INDIANAPOLIS - Roughly one out of every eight women will develop breast cancer at some point in her life, and new research could soon help determine which women are included in that count.
Researchers at the Mayo Clinic figured out a way to measure by percentage points how likely a woman is to develop the disease.
The findings could drastically change the screening and treatment procedures for women like Bobbe Brown-Schuster, who says she has always assumed she'd get cancer based on her family history.
"Breast cancer runs in my family," she said. "My grandmother died of breast cancer at the age of 62. My mother died of breast cancer at the age of 72."
Four years ago, after talking to a number of doctors and weighing her options, she decided to have both of her breasts removed.
"It was really the best choice for me, just to go ahead and have the mastectomies," Brown-Schuster said.
It's what many doctors tell women when they discover the breast cancer gene runs in their family.
But having the breast cancer gene doesn't necessarily mean someone is going to get cancer. Every woman is made up of so many other genes, and every single one of them also plays a role in determining whether or not a person develops cancer.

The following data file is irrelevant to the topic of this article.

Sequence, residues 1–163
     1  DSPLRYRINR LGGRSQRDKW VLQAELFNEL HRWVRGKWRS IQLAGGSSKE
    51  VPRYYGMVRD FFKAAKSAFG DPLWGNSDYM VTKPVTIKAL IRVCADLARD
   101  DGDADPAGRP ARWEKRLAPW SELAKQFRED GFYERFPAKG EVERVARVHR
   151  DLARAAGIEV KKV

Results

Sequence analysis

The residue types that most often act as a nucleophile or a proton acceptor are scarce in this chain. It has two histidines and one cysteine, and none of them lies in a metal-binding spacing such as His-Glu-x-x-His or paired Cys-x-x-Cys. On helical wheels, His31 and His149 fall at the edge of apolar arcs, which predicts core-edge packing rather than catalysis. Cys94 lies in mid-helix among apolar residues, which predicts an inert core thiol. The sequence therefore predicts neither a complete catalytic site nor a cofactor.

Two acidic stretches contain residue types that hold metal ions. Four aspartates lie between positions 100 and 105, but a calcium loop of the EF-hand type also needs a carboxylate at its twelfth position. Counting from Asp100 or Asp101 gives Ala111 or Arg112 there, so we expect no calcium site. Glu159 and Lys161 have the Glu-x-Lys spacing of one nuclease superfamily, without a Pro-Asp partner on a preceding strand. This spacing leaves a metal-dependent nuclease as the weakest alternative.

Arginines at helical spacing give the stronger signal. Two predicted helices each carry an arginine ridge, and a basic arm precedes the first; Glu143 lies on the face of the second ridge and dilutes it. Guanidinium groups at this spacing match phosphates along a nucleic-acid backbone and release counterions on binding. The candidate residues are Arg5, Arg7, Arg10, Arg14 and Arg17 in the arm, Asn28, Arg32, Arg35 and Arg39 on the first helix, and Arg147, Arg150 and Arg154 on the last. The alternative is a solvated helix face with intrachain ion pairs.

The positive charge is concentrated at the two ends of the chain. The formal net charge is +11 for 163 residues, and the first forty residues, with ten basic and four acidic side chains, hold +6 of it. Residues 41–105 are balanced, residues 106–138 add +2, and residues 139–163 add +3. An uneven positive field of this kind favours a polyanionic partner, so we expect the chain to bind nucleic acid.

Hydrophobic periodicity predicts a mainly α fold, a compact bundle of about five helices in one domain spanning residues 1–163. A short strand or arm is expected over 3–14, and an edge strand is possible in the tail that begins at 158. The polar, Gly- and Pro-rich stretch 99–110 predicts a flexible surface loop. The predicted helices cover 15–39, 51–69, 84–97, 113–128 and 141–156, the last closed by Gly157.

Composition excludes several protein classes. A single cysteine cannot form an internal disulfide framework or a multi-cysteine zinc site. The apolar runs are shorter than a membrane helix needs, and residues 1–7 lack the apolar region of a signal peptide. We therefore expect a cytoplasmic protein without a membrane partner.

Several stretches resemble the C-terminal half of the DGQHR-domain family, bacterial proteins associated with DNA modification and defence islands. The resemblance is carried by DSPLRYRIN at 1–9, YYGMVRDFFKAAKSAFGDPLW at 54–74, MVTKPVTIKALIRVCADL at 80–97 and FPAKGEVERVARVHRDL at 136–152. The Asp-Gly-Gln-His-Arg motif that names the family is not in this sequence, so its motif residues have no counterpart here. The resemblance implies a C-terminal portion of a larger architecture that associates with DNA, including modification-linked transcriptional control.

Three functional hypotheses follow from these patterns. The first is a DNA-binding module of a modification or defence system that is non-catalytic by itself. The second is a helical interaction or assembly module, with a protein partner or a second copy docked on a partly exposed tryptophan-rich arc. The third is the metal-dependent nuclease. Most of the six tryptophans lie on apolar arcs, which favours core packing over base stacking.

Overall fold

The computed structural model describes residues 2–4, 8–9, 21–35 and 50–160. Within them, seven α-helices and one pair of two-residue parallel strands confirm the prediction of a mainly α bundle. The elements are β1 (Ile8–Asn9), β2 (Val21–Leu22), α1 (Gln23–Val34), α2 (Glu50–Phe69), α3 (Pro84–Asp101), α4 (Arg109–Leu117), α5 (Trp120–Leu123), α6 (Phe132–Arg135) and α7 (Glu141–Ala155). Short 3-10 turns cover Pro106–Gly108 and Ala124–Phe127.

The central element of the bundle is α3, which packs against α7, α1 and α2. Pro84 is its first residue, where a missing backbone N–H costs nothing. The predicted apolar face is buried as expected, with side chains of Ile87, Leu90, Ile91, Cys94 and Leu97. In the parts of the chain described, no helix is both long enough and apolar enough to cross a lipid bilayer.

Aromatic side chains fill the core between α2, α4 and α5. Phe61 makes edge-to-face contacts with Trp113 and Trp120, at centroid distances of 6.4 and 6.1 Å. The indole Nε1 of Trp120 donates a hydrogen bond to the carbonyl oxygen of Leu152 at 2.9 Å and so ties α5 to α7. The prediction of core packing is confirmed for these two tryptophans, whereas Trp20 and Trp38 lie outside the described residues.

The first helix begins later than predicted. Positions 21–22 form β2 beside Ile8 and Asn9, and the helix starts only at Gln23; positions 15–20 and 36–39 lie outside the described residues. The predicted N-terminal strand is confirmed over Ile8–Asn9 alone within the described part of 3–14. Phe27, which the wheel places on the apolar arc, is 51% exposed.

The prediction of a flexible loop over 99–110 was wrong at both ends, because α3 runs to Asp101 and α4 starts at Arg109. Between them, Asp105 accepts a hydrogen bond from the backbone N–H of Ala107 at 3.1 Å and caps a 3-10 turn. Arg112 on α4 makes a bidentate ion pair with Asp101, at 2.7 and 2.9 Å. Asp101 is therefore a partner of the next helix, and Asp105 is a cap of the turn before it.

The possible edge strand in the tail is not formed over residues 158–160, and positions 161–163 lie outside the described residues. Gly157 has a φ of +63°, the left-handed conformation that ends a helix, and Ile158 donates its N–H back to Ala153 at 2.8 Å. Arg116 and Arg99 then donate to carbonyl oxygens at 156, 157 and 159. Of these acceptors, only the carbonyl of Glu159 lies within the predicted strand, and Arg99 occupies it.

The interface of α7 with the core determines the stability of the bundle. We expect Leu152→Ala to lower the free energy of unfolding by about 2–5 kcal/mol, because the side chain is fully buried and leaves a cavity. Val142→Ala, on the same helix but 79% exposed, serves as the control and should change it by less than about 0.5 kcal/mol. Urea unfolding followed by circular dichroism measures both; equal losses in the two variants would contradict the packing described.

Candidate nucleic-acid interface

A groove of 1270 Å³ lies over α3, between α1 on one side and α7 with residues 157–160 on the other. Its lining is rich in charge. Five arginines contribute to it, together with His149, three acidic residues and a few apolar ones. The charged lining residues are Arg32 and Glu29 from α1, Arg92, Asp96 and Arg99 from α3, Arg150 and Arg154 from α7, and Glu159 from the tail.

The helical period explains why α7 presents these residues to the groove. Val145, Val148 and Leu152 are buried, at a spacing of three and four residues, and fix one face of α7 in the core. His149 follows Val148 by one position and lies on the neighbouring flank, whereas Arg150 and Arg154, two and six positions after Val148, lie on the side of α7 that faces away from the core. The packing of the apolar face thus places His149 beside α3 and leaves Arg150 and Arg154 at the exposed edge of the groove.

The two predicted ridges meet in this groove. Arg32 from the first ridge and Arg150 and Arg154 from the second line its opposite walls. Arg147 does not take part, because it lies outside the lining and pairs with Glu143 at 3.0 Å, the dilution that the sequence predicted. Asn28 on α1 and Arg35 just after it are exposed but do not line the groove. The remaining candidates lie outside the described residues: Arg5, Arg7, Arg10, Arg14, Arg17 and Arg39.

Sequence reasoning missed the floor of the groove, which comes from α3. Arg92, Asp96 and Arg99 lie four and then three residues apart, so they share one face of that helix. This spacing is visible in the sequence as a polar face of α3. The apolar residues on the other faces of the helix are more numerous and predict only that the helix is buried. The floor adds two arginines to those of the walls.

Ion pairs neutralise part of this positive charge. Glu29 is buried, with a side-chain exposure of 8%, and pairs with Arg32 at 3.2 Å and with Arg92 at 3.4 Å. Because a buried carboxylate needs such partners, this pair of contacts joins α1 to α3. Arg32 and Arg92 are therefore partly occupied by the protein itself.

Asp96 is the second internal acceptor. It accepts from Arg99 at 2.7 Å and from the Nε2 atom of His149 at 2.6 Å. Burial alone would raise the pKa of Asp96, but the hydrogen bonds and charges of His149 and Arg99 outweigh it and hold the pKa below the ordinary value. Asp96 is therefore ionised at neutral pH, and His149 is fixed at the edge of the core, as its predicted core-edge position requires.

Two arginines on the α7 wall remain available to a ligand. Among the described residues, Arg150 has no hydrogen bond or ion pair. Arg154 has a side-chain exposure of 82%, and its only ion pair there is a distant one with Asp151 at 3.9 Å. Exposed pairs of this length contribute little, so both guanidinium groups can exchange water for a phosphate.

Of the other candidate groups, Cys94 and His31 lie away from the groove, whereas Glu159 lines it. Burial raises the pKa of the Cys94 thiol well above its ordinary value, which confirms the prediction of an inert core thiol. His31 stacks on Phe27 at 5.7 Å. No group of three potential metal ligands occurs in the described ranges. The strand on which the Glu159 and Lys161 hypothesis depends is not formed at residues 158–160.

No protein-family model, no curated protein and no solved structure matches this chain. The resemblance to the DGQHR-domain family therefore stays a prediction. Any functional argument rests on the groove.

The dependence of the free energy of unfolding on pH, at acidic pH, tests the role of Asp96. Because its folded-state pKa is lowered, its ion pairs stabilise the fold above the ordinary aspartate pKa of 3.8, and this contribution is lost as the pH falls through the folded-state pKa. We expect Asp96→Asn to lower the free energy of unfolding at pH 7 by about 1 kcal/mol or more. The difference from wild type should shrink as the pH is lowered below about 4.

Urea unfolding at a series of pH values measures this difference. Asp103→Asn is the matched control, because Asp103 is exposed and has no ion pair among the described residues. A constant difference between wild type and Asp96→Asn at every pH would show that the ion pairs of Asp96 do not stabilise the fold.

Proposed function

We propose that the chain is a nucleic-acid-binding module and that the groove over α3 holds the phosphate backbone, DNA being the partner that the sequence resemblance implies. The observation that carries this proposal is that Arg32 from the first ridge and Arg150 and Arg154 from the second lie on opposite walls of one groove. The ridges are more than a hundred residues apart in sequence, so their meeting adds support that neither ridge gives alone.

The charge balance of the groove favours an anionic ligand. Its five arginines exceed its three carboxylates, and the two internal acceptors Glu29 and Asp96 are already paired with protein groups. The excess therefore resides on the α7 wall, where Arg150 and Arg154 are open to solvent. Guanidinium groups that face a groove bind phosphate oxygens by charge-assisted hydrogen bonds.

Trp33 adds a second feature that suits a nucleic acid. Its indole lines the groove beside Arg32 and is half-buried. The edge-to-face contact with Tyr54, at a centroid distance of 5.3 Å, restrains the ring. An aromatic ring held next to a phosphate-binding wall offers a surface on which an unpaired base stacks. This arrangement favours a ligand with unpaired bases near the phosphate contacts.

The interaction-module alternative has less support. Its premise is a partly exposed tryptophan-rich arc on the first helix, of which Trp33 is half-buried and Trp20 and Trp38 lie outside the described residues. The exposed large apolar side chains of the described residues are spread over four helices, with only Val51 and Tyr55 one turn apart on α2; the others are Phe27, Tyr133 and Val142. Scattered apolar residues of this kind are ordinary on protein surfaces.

Researchers at the Mayo Clinic, led by Dr. Fergus Couch, are studying those genes.
Via Skype, Couch explained he's looking at the genetic makeup of roughly 120,000 women -- including woman who have the breast cancer gene and women who don't -- to narrow down what other genes, what combination of genes, come together to influence whether a woman will get breast cancer.
"We're talking about many other genes in the human genome that can have defects, that can influence that risk," Couch said.
Couch said so far he's identified as many as 80 other genes that can play a role in whether a woman develops breast cancer.
"We're identifying more and more of these genes all the time," he said.
Couch predicts that soon -- within two to five years -- a simple genetic test will make it possible for patients to find out how many of the genes they have and exactly how likely they are to get cancer.
Patients will essentially be able to walk out of the clinic knowing whether they have a 20 percent chance, or as high as a 90 percent chance, of developing the disease.
In Brown-Schuster's case she could end up finding out that, based up on the other genes in her body, she isn't at an exceptionally high risk for cancer after all.
But she said she has no regrets, because regardless of what her cancer risk was before her double mastectomy, her risk now is significantly lower.
"I'm glad I made the decision I made," she said.